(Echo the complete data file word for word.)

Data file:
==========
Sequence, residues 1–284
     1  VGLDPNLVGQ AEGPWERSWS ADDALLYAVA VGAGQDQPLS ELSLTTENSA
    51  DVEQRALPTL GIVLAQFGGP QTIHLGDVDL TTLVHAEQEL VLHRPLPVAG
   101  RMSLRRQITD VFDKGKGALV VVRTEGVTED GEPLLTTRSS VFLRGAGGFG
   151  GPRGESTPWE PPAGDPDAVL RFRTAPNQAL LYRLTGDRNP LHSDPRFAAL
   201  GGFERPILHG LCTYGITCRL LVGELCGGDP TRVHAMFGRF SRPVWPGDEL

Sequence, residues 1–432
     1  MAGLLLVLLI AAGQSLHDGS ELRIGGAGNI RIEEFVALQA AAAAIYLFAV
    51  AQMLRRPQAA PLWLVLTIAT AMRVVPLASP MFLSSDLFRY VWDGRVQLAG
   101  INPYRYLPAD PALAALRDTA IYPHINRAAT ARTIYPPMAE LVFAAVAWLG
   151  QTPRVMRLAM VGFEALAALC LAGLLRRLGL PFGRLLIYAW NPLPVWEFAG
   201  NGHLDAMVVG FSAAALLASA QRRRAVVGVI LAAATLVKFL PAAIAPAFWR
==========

Sequence, residues 1–284
     1  VGLDPNLVGQ AEGPWERSWS ADDALLYAVA VGAGQDQPLS ELSLTTENSA
    51  DVEQRALPTL GIVLAQFGGP QTIHLGDVDL TTLVHAEQEL VLHRPLPVAG
   101  RMSLRRQITD VFDKGKGALV VVRTEGVTED GEPLLTTRSS VFLRGAGGFG
   151  GPRGESTPWE PPAGDPDAVL RFRTAPNQAL LYRLTGDRNP LHSDPRFAAL
   201  GGFERPILHG LCTYGITCRL LVGELCGGDP TRVHAMFGRF SRPVWPGDEL

Sequence, residues 1–432
     1  MAGLLLVLLI AAGQSLHDGS ELRIGGAGNI RIEEFVALQA AAAAIYLFAV
    51  AQMLRRPQAA PLWLVLTIAT AMRVVPLASP MFLSSDLFRY VWDGRVQLAG
   101  INPYRYLPAD PALAALRDTA IYPHINRAAT ARTIYPPMAE LVFAAVAWLG
   151  QTPRVMRLAM VGFEALAALC LAGLLRRLGL PFGRLLIYAW NPLPVWEFAG
   201  NGHLDAMVVG FSAAALLASA QRRRAVVGVI LAAATLVKFL PAAIAPAFWR